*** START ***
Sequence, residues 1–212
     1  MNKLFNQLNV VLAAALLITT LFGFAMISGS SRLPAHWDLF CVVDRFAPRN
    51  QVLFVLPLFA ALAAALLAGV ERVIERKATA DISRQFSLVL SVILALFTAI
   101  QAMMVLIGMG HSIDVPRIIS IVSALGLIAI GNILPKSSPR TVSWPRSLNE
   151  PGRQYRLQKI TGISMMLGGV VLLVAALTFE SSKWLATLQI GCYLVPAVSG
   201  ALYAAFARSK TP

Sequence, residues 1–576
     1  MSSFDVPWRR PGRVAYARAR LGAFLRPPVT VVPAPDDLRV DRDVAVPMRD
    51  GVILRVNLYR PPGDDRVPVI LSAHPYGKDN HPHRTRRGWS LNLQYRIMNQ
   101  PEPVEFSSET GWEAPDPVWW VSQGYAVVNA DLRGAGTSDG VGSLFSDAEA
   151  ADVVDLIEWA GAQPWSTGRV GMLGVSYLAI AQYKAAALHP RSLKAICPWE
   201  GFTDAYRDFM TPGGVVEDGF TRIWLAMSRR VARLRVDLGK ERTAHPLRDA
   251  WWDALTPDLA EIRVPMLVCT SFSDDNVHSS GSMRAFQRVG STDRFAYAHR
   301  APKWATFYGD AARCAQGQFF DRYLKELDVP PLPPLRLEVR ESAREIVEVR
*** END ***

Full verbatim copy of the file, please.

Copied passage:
Sequence, residues 1–212
     1  MNKLFNQLNV VLAAALLITT LFGFAMISGS SRLPAHWDLF CVVDRFAPRN
    51  QVLFVLPLFA ALAAALLAGV ERVIERKATA DISRQFSLVL SVILALFTAI
   101  QAMMVLIGMG HSIDVPRIIS IVSALGLIAI GNILPKSSPR TVSWPRSLNE
   151  PGRQYRLQKI TGISMMLGGV VLLVAALTFE SSKWLATLQI GCYLVPAVSG
   201  ALYAAFARSK TP

Sequence, residues 1–576
     1  MSSFDVPWRR PGRVAYARAR LGAFLRPPVT VVPAPDDLRV DRDVAVPMRD
    51  GVILRVNLYR PPGDDRVPVI LSAHPYGKDN HPHRTRRGWS LNLQYRIMNQ
   101  PEPVEFSSET GWEAPDPVWW VSQGYAVVNA DLRGAGTSDG VGSLFSDAEA
   151  ADVVDLIEWA GAQPWSTGRV GMLGVSYLAI AQYKAAALHP RSLKAICPWE
   201  GFTDAYRDFM TPGGVVEDGF TRIWLAMSRR VARLRVDLGK ERTAHPLRDA
   251  WWDALTPDLA EIRVPMLVCT SFSDDNVHSS GSMRAFQRVG STDRFAYAHR
   301  APKWATFYGD AARCAQGQFF DRYLKELDVP PLPPLRLEVR ESAREIVEVR